Getting the budget approved for customer success
No one makes business decisions worth thousands of dollars without a foolproof business case. And setting up customer success is a decision worth more than that. However, the business case for customer success is mostly straightforward. Especially, if we use the existing churn numbers.
And industry averages also make for a very good business case. The Average Annual MRR (Monthly Recurring Revenue) Retention rate for SaaS companies hovers around 70%. The best in class may achieve 130%. Clearly, the scope of improvement for any customer success team is 60% Growth in MRR. (Which is a HUGE opportunity).
So, how do you build a business case for Customer Success?
First, have a look at the areas of improvement.
- Current MRR Lost: MRR Churn (if not available, calculate from Average MRR * number of accounts churned)
- Current Upsell (Plan upgrade and expansions): Current number of upsells are likely to be limited
- Onboarding time and experience: Current Onboarding Cycle would be either too long or unpredictable or there would be no onboarding process.
- Referrals: What are the number of current Referrals? Most likely, they would be limited or there is no process to track the number of referrals.
Second, calculate the investment (cost) required for setting up the Customer Success practice.
- Team Cost (new Customer Success Manager (CSM) hires): Average Salary x required team size. (Consider the CSM :: Account ratio) Also check how to segment the accounts, as not all accounts need to be enrolled into the success program.
- Tool Cost: Tools such as a Customer Success Platform.
- Training Cost: Estimate the cost of training the new success managers.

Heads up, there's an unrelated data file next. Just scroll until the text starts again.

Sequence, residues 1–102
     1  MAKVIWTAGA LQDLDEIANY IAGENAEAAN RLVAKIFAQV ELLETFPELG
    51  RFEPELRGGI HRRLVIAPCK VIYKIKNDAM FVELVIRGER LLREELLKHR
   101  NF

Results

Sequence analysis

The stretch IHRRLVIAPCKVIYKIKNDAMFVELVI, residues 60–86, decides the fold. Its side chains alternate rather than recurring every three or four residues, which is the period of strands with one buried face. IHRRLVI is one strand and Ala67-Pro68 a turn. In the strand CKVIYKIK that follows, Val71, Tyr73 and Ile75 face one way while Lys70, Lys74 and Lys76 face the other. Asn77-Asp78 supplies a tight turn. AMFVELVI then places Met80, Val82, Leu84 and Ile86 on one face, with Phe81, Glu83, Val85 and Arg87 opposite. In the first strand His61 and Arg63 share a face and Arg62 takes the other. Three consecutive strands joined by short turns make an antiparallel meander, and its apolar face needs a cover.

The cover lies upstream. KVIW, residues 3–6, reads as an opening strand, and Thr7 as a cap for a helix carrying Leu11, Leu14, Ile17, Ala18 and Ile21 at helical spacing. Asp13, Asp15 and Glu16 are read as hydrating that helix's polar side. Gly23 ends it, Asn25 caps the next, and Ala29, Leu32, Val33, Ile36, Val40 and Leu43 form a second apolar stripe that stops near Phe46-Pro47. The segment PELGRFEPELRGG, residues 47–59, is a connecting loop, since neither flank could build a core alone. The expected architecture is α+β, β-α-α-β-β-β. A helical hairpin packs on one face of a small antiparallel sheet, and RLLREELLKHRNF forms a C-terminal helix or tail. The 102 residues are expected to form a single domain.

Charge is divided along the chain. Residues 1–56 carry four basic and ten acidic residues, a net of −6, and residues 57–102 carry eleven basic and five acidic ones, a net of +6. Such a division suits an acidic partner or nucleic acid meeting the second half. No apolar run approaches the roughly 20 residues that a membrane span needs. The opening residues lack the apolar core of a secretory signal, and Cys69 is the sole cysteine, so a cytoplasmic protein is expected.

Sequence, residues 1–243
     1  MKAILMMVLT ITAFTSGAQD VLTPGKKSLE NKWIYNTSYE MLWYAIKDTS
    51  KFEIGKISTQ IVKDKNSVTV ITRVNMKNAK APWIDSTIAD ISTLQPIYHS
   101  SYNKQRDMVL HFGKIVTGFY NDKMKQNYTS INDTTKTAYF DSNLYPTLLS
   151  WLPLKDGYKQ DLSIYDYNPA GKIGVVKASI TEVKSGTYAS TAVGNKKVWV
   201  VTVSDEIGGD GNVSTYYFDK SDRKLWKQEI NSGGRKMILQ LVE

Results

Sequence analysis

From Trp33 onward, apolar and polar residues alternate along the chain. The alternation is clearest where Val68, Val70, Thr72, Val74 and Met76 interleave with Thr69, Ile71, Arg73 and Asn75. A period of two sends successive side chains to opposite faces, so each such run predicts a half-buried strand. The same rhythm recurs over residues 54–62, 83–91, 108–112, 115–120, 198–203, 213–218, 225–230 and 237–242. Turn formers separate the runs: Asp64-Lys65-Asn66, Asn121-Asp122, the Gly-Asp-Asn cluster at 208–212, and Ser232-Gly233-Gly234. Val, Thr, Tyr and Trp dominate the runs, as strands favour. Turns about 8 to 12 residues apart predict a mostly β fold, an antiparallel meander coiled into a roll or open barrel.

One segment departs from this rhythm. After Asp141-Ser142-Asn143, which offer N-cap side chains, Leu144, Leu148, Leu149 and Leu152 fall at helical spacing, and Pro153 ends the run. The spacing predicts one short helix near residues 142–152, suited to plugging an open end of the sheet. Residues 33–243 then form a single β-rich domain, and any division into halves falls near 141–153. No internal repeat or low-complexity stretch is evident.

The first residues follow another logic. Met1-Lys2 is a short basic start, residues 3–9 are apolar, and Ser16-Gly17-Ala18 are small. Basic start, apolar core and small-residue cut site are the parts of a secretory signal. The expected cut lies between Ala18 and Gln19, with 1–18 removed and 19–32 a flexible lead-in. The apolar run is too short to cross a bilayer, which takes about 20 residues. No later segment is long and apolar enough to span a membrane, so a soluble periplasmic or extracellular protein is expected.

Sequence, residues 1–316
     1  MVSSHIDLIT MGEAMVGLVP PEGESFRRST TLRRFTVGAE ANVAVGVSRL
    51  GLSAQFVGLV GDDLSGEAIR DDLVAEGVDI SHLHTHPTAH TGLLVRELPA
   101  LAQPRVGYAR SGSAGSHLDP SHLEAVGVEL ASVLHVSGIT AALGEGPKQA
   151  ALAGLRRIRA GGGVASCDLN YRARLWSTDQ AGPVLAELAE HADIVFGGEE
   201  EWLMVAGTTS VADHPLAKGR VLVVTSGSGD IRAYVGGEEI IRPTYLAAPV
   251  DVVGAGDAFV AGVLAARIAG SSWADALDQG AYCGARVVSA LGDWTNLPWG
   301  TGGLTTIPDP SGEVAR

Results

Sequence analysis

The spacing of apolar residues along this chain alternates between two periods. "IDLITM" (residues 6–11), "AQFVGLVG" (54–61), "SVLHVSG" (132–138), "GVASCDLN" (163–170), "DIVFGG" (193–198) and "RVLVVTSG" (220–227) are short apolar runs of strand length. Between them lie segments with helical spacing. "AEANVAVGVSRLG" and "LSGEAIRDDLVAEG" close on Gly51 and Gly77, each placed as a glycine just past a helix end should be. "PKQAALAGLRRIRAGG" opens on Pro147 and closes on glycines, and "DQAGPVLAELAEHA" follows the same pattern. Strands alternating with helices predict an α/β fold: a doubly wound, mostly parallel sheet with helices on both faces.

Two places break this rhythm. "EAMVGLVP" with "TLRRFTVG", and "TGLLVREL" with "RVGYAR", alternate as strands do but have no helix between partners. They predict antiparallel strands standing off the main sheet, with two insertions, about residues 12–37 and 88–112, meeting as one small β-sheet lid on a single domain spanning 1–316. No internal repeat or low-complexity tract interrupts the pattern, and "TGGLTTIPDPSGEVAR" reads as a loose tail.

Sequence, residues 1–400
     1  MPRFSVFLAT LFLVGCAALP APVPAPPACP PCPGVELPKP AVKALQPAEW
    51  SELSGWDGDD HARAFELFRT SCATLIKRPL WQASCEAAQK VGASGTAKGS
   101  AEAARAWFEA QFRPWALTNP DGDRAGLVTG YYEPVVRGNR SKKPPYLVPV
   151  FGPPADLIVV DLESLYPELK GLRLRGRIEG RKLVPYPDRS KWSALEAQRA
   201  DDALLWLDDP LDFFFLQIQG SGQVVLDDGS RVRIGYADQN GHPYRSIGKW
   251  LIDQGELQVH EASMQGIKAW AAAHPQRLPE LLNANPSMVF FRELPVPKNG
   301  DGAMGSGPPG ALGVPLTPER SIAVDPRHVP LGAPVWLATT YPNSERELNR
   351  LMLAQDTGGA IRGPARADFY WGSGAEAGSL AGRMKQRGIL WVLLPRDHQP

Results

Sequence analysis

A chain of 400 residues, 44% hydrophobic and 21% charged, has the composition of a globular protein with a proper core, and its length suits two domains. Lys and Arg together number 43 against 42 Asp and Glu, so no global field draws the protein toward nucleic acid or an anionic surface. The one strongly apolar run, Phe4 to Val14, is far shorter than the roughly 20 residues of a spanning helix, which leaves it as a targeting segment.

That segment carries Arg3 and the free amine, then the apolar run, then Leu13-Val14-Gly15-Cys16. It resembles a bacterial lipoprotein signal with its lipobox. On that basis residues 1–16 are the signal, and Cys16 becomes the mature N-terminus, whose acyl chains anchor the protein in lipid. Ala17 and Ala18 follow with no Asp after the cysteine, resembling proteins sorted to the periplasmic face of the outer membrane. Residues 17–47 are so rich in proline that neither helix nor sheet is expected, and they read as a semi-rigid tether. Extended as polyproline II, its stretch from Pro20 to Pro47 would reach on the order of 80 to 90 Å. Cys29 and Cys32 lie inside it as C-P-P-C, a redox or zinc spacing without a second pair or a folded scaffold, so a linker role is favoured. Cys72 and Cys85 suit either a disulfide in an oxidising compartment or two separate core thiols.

TOTAL Investment: (Team + Tool + Training) Cost
Third, estimate the improvements from setting up a Customer Success program.
- MRR Saved: Compare expected MRR Churn with customer success program to MRR without a success program and that would be your MRR Saved.
- Improved Upsell: Estimate the value of increase in upsells as with a customer success practice in place, CSMs would know when an account is ready for upsell or expansion. And would be able to proactively take action.
- Better Customer Onboarding and Experience: What would be the expected improved onboarding time with consistent experience? What will be the value of this improvement in terms of reduced churn?
- Expected Referrals (new acquisitions): Estimate the improvement in MRR from increased number of referrals due to the customer success program.
- Reduced Cost of Support: Estimate the expected reduction in Support Cases and the amount saved due to less need of support staff.
TOTAL Improvement: 1 + 2 + 3 + 4 + 5
Ultimately, the decision makers need to know one thing: What will be the business impact with customer success. So, estimate the Business Impact from the customer success program by answering the following questions.
- What would be the new ACV (Annual Contract Value) for all accounts?
- What would be the LTV (Lifetime Value) of all accounts?
- What would be the improvement in CAC (Customer Acquisition Cost)?
- Estimate the Higher Valuation of the company due to increased MRR and increase in ACV.
Well-defined customer success programs have proven effective time and again. Equipped with the right business case for customer success, you can definitely make your customer success practice succeed.
You can also use the CustomerSuccessBox ROI Calculator to build a business case for a customer success platform.